Foreign person issues in property

An update on our April 2019 article ‘Purchase stamp duty – Beware the FIDS!

When the Foreign Investor Duty Surcharge (FIDS) was introduced in 2018, it imposed an additional duty surcharge of 3% for residential property and 0.5% for primary production property for relevant purchases.

From 1 January 2020, the FIDS will increase. The rate for residential properties will increase to 8%, whilst the rate for primary production property is to increase to 1.5%. The increased surcharges are proposed to apply to contracts entered into and settling on or after 1 April 2020.

As mentioned in our earlier article, the definition of who is considered a foreign purchaser can be a trap.

A family trust is a common structure used for property investment and even though you may have no named beneficiaries who are foreign persons, the list of potential beneficiaries for most family trusts is broad enough to include persons, trusts or companies that may in fact be foreign persons; which would result in your trust being deemed a foreign purchaser.

As an example, if you use your family trust to purchase property valued at $500,000 and your trust is deemed to be a foreign purchaser, you will pay $40,000 in duty in addition to the $18,247.50 that you are already required to pay, totalling $58,247.50.

Legislation will be introduced in the current session of Parliament to amend the definition of foreign persons, but the proposed definition will still leave most family trust deeds exposed to be deemed as foreign persons.

Foreign Investment Review Board

The Foreign Investment Review Board (FIRB) is a non-statutory body that advises the Government on foreign investment policy and its administration in Australia. Under this framework, foreign persons need to apply for foreign investment approval before acquiring an interest in residential real estate in Australia. Any action taken by a foreign purchaser prior to receiving approval is considered a breach of the law.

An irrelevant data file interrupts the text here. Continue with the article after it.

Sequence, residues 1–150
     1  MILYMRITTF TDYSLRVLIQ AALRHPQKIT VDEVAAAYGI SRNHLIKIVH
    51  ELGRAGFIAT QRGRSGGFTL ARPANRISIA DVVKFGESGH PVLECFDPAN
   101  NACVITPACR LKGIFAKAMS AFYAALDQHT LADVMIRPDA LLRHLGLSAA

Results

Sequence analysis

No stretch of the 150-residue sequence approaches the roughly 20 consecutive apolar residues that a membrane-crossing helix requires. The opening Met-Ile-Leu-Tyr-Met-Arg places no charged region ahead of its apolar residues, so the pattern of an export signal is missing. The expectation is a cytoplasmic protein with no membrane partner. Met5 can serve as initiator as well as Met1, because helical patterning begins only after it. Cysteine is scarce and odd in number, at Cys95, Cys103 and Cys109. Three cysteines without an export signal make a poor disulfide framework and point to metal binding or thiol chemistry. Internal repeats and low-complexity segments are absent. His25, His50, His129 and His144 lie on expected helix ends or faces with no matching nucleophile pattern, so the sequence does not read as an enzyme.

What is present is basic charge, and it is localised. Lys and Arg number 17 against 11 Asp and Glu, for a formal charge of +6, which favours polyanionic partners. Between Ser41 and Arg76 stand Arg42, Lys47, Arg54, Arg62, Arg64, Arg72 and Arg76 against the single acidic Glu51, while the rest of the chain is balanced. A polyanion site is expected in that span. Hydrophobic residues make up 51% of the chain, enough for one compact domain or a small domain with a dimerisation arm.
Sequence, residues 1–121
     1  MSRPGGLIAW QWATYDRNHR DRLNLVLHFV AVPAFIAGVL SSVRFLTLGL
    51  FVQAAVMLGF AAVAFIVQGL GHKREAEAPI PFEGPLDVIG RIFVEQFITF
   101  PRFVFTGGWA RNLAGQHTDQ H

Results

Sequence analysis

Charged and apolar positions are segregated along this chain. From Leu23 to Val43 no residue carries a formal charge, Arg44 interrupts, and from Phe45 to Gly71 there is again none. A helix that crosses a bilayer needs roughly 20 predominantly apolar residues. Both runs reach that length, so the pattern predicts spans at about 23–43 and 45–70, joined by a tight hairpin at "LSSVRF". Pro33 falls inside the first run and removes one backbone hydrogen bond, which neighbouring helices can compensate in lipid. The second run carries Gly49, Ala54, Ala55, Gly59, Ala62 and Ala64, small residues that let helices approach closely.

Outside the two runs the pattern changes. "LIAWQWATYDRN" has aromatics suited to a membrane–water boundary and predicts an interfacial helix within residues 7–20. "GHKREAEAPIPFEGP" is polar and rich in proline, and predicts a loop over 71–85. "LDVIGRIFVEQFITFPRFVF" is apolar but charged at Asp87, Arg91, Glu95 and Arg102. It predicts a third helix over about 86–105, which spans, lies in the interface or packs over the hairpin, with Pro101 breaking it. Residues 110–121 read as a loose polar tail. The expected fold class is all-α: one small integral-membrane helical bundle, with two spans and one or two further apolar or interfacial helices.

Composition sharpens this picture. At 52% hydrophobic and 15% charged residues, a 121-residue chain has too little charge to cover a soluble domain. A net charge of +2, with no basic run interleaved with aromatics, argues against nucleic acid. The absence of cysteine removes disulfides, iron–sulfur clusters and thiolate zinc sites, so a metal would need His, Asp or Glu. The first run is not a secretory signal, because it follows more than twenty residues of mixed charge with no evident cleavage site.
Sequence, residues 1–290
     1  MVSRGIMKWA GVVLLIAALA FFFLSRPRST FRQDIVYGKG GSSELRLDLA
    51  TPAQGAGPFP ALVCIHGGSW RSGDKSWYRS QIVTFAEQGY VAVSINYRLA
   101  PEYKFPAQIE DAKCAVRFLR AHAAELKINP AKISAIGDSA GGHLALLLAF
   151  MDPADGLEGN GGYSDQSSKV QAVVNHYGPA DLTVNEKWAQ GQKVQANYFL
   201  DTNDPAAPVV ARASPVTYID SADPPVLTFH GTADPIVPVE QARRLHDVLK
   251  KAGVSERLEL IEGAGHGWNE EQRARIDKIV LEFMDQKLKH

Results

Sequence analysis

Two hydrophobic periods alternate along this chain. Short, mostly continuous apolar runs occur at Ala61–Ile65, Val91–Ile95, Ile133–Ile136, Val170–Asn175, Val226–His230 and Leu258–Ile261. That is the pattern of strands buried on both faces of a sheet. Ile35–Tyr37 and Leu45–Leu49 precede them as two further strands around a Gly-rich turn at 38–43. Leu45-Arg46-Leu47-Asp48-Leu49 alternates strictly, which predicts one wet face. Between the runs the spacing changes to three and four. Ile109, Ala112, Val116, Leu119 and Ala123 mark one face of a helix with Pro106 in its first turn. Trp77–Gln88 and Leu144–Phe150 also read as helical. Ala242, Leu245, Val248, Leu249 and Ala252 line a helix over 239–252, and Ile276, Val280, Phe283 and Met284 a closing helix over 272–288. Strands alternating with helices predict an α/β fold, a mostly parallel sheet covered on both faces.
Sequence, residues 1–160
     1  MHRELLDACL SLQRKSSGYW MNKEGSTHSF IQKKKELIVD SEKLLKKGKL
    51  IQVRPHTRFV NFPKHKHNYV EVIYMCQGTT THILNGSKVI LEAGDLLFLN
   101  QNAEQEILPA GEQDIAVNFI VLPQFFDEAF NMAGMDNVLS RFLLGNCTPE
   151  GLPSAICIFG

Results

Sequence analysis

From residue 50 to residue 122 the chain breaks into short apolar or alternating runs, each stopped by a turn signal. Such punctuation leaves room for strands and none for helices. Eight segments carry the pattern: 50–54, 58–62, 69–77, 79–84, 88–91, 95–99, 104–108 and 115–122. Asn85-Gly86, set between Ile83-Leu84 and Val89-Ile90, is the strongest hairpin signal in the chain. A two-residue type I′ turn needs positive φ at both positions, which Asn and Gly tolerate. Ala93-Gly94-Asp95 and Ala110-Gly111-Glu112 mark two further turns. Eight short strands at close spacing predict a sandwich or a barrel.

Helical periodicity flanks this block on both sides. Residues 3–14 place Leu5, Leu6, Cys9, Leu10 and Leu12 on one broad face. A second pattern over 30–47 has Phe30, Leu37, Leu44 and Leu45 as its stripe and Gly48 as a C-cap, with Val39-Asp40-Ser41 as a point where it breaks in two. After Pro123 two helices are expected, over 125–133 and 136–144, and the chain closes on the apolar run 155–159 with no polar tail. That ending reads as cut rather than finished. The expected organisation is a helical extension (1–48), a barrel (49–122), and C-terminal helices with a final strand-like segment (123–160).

Under the FIRB framework, foreign persons are prohibited from purchasing established dwellings in Australia unless an exemption applies. This means that if your family trust or company is deemed to be a foreign purchaser, then you will be unable to purchase property that has not been newly built and has not been previously sold as a dwelling, unless you obtain approval.

Like FIDS, the definition of a foreign person captures many family trusts.

A foreign person is deemed to include:

  • an individual not ordinarily a resident in Australia;
  • a corporation in which an individual not ordinarily a resident in Australia or a foreign corporation holds a substantial interest; and
  • the trustee of a trust in which an individual, not ordinarily resident in Australia, or a foreign corporation holds a substantial interest.

Using the family trust example again, if your trust is deemed to be a foreign person due to the potential beneficiaries, FIRB approval may be required to acquire new or existing dwellings in Australia.

If you do acquire property without FIRB approval, in circumstances where approval is required, penalties may apply.

What to do?

  • Consider if a family trust is the appropriate purchasing entity for you.
  • If you decide it is, it may be that you establish a new family trust to exclude any potential beneficiary who is a foreign person and therefore not expose the trust to FIDS or FIRB regulation.
  • You may be able to amend your existing trust to exclude any potential beneficiary who is a foreign person and therefore not expose the trust to FIDS or FIRB regulation.

Please contact David Shelley or Daniel Morgan, to discuss what options you may have in respect of your property purchase and the purchase structure you are choosing.

David Shelley
Managing Principal
M: 0427 183 217
E: dshelley@pageseager.com.au

Daniel Morgan
Principal
M: 0438 436 968
E: dmorgan@pageseager.com.au

Published: 17 October 2019

Copyright © 2019 Page Seager. Privacy Statement Privacy Policy